Rebecca’s first piece has been inspired by Lucy’s poem and similarly draws from the collection of books it is held within, without being directly representational. It is titled “Yet the Gorse Flowers”, and is site specific, made from gorse collected over the year, porcelain, local wild clay and horse hair. Suspended in one of the windows of the Reading Room, on the threshold between inside and outside, porcelain petals, skin or bone-like structures catch in the sunlight. The work explores the materiality of porcelain, from raw to fired, translucent to dense. The installation is intentionally a work in progress and will evolve in response to its location throughout the next few weeks.
Rebecca is an alumni of the Royal College of Art working primarily in porcelain and represented by the Belgrave Gallery. A grant from the Arts Council to develop her creative practice first drew her to the Elizabeth Treffry Room, to browse this special collection of books by and about women in Cornwall, donated to The Morrab Library by The Hypatia Trust. The room contains lots of books about Virginia Woolf, as well as beautiful editions of her work, and spending time in this space inspired Rebecca to think about a residency in the library.
Rebecca first visited The Morrab as a child, as part of a regular Sunday walk with her grandfather, through Penlee Park, to Morrab Gardens and on to St Mary’s Church. She has early memories of being tiny here; gazing up at the floor to ceiling bookcases in awe. She has always had a multigenerational experience of the library and has passed down the connection to her daughter, regularly popping in to borrow books, attend classes and workshops, and recently enjoyed a visit to see the collection of pressed seaweeds.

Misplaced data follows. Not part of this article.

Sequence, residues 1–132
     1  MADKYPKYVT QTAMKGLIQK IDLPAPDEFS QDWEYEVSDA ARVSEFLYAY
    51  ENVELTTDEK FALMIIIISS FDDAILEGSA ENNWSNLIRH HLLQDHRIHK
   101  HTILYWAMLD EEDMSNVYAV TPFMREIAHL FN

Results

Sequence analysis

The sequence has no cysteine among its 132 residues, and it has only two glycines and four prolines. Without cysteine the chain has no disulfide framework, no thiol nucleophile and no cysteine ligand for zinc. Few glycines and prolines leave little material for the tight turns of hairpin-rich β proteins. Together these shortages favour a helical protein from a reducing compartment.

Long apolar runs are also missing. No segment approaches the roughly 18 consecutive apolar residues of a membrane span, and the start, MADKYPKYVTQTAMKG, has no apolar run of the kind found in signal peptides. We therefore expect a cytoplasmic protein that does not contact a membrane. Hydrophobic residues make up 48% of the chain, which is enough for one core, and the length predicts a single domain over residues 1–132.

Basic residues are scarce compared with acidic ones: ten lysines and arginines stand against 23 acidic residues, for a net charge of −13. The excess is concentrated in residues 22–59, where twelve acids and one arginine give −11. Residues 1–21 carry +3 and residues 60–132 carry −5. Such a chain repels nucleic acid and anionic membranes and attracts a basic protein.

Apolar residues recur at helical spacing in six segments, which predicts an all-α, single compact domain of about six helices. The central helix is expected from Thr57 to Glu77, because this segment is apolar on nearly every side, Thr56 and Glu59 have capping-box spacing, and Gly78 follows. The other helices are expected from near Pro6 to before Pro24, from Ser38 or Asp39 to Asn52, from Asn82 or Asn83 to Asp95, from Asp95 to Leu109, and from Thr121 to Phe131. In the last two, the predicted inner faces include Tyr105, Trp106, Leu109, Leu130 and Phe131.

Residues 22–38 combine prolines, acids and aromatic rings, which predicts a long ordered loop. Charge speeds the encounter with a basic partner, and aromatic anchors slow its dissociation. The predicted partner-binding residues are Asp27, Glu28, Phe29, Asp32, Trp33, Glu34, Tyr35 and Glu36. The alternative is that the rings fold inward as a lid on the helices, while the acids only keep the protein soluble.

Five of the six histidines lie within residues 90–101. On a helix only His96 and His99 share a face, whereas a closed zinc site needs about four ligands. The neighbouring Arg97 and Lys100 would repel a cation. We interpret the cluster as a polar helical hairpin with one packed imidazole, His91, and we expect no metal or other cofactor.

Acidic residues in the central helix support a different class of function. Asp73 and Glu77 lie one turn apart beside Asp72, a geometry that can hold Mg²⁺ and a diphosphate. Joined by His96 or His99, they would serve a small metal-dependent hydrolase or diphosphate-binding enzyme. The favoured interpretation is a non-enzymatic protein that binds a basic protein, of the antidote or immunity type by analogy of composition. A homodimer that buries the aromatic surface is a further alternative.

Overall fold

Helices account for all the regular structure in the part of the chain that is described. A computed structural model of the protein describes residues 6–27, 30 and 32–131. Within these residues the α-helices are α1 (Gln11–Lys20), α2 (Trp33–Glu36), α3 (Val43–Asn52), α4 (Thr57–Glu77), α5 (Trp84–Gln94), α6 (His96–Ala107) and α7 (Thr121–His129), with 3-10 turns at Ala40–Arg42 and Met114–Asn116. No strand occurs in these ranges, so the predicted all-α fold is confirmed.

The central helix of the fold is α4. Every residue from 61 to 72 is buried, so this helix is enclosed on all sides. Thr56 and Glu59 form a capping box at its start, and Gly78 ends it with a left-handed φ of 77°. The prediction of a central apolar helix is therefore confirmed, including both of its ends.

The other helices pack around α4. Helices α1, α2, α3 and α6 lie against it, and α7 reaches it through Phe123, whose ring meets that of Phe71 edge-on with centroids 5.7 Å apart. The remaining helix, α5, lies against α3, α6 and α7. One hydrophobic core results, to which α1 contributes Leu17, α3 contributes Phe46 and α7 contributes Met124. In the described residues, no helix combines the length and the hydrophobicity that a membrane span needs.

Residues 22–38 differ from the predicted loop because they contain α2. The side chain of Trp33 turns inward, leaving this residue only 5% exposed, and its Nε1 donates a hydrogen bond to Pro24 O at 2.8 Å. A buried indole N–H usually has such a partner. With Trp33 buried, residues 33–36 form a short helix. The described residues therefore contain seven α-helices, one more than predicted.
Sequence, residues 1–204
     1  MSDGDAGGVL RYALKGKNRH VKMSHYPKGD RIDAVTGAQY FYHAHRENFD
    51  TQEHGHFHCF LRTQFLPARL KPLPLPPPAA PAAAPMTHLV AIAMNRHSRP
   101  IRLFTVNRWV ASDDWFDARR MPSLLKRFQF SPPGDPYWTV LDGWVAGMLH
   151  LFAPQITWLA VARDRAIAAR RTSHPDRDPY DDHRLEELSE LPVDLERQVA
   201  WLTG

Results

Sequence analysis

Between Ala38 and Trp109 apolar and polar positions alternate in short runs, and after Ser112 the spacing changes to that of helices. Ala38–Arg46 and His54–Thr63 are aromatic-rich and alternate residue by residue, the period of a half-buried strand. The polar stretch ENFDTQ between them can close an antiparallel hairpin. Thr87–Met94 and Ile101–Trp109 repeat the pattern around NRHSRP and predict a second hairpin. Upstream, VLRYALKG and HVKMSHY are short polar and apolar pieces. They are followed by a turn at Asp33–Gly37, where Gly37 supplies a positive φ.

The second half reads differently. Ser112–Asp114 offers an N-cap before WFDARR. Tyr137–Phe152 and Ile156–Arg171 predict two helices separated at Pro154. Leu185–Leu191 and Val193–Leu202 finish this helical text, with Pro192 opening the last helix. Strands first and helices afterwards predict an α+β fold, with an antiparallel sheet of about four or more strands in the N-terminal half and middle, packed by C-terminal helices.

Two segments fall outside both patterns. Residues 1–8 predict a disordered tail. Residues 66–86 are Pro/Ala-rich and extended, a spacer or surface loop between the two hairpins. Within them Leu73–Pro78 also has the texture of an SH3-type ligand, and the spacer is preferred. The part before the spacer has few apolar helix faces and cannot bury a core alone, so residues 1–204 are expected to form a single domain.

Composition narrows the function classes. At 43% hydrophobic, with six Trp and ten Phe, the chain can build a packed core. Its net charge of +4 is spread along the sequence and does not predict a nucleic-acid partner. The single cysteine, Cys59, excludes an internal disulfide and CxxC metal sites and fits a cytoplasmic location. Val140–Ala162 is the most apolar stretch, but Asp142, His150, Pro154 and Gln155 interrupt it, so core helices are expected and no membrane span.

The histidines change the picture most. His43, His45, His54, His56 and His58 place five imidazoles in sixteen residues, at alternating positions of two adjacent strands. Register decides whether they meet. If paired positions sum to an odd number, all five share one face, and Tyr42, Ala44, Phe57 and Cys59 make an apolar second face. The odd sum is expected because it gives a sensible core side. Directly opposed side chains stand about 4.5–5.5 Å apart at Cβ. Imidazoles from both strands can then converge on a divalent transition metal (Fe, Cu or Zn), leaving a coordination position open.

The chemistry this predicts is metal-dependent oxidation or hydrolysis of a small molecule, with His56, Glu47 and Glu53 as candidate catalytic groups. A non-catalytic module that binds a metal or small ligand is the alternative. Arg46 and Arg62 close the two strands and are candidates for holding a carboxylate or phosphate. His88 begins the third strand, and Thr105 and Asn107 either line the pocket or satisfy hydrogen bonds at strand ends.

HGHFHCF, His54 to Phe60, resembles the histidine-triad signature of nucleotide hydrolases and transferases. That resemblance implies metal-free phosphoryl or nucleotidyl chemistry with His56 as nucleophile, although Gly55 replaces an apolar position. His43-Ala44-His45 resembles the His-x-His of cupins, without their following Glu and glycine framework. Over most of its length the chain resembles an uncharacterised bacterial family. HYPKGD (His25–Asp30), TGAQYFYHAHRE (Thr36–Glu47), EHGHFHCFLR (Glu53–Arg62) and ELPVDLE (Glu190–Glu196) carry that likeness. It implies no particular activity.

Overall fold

Penzance is Lucy’s home town and she also remembers visiting The Morrab Library as a child. She re-discovered The Morrab Library when attending writing workshops and lectures as part of Penzance Literary Festival. She says, “The first time I walked in I recognised a librarian from school! The library exudes a sense of timelessness and relaxed ambiance. It appeals to all readers of all ages offering quiet places to sit and read or think whilst also encouraging new writers, artists and historians to attend talks or share and explore its environs.”
Lucy studied English and History at University and in her professional role as a nurse has maintained an interest in these subjects.
She says “Literature and writing have always been an important part of my life but recently the focus has shifted from a therapeutic function to creative experimentation. I am currently working on a collection of poems for publication. Spending time with Rebecca in her studio, surrounded by her porcelain, I saw an affinity between this material and human bone and skin, in texture, shape and translucence. We bury our bones in the earth and from this we extract clay. Through this conversation came the idea of the current collaboration.”
The pair hope that their collaborative residency will help to illuminate what a “rare and special place Morrab Library is” and “actively support its continued presence within Penzance”. You are warmly invited to a ‘drop-in’ session held in the Reading Room on the 15th December 10-12: pop in to see their work and chat to them more about their creative practice.